16 A depolarizing graded potential is excitatory – increases chance of an action potential - membrane potential moves closer to threshold (more positive) A hyperpolarizing graded potential is inhibitory - membrane potential moves farther from threshold (more negative) threshold

17 A single receiving (post-synaptic) neuron can have 1000’s of synapses with different incoming (pre-synaptic) axon terminals - each synapse is either excitatory or inhibitory simultaneous stimulation at many synapses is "evaluated" by cell body = integration

18 Integration - cumulative effects of more than one graded potential Summation – 2 mechanisms - temporal summation - multiple stimulation at one synapse in a short period of time - additive The same synapse releases neurotransmitters twice in a short period of time  larger graded potential  action potential A graded potential that does not reach threshold rapidly fades – cell returns to resting potential

19 Spatial summation – simultaneous stimulation from two or more nearby synapses; each synapse is excitatory or inhibitory - reinforcing or opposing effects - equal excitatory and inhibitory graded potentials cancel each other out Two excitatory synapses fire simultaneously Excitatory and inhibitory synapse fire simultaneously

20 The results of summation and integration in the dendrite/cell body region are "evaluated" at the axon hillock - if excitatory graded potential > threshold, then an action potential is initiated due to the action of electrically-gated ion channels in the axon

21 Questions about summation or integration? What is the effect on the overall function of the neuron if the graded potential doesn't reach threshold?

22 The action potential: rapid transmission of information - “all or none”: does not vary in strength - electrically-gated ion channels open in response to depolarization  self-propagating - the action potential passes undiminished as a wave down the axon; a local, transient event

23 movement of Na+ ions in here causes voltage-gated Na+ channels to open here SELF-PROPAGATION

24 repolarization due to K+ movement quickly follows Na+ channels inactivated: refractory period – axon is temporarily "off" - prevents movement of action potential backwards  one- way propagation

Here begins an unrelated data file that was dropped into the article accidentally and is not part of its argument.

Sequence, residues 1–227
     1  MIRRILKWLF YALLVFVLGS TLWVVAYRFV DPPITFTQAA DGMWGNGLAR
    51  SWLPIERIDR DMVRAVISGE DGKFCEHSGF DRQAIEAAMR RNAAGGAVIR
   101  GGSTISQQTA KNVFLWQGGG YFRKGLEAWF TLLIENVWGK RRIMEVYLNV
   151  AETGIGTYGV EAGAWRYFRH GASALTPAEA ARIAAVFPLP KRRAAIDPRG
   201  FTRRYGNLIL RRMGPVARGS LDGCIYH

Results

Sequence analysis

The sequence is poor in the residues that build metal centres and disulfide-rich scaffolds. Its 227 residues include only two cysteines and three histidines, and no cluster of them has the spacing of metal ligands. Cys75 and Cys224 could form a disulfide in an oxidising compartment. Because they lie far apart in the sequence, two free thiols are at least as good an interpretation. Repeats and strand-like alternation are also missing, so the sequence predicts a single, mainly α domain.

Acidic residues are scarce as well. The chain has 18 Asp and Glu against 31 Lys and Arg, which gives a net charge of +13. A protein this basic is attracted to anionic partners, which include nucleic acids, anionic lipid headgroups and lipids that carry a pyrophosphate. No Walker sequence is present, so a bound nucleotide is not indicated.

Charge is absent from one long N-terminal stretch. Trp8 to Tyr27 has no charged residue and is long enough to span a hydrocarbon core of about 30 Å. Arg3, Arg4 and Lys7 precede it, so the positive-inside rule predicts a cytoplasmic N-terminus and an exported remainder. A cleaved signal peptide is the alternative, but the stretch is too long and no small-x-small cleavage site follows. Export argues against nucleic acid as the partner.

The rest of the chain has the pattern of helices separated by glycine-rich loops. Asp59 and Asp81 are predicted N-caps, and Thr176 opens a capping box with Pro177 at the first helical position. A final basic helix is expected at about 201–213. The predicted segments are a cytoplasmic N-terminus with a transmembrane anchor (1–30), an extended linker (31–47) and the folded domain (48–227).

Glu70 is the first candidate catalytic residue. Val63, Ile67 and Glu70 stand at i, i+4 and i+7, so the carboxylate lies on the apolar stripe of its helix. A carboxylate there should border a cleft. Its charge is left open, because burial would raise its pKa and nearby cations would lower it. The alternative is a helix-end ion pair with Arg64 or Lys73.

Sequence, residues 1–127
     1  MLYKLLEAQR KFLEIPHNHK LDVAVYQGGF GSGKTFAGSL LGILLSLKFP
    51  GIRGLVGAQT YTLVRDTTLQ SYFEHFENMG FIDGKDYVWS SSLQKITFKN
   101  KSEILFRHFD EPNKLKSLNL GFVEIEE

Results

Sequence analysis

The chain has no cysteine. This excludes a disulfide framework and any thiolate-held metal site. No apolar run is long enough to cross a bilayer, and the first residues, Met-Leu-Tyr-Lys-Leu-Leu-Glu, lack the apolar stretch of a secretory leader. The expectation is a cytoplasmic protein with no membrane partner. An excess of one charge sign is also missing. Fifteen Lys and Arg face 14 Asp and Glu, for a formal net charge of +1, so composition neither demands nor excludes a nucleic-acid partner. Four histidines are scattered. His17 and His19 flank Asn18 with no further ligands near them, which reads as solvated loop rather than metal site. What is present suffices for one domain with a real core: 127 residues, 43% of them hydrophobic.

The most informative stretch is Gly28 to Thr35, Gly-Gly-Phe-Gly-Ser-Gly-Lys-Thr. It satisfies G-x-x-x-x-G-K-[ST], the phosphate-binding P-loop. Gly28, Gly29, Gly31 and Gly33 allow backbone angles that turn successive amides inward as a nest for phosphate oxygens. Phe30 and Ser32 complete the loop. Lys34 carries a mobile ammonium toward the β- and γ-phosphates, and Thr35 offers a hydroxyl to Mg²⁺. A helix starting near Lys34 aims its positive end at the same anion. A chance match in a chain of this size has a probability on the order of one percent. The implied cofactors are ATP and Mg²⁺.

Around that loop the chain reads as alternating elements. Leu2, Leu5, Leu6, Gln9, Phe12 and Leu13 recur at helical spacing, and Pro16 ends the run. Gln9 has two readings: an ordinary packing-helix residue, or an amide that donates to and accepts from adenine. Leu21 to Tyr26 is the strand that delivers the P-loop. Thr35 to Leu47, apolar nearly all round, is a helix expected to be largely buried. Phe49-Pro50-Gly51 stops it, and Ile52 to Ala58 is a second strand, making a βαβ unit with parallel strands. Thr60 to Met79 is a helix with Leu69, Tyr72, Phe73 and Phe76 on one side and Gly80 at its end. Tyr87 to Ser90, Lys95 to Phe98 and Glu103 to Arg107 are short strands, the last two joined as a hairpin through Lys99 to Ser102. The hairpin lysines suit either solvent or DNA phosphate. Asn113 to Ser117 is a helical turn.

25 A single axon can transmit many action potentials at the same time - each is a brief local event

26 The action potential has 4 phases, each based on opening of voltage- gated channels and ion movement depolarization – Na+ in Na+ channels open repolarization – K+ out K+ channels open refractory period - hyperpolarized Na+ channels inactive return to resting potential Na+ channels active, but closed

27 Questions about action potentials? What is the functional effect of an action potential on other cells or tissues? At one point on axon axon Entire axon

28 SPEED OF ACTION POTENTIAL CONDUCTION Ranges from 1 to >100 m/s increased by: a) larger size - giant axons - invertebrates b) increased body temperature  faster diffusion c) fatty insulation - myelin sheaths - vertebrates

29 Myelin – fat produced by oligodendrocytes (Schwann cells) - myelinated axons are white and shiny  “white matter” of brain and spinal cord Electrically gated Na+ channels are concentrated at gaps in the myelin sheath - nodes of Ranvier

30 Saltatory conduction - AP “jumps” from one node to the next, travels faster than in an uncovered axon -maximum speed of conduction in myelinated vertebrate axons m/s (= 270 mph) - small, unmyelinated axon of human autonomic nervous system – 1m/s (= 2.25 mph) diffusion of Na+ ions inside the axon causes opening of Na+ channels at next node AP jumps from node to node

31 Information is transferred between neurons at the synapse Synapse - junction between axon terminals and target tissue (nerve, muscle or gland) Synaptic cleft - microscopic separation between axon and target nanometers  Rapid (instantaneous) diffusion from pre-synaptic neuron to post- synaptic receptors

32 Neurotransmitter release at the axon terminal is caused by the action potential - neurotransmitters stored in synaptic vesicles - AP opens voltage-gated Ca ++ channels; Ca++ ions cause vesicles to release contents at synapse (exocytosis)

33 Neurotransmitters diffuse across synaptic cleft to postsynaptic neuron - neurotransmitters bind to receptors on chemically- gated ion channels on postsynaptic membrane - channels open  ion movement  graded potential - neurotransmitter removed from receptor, inactivated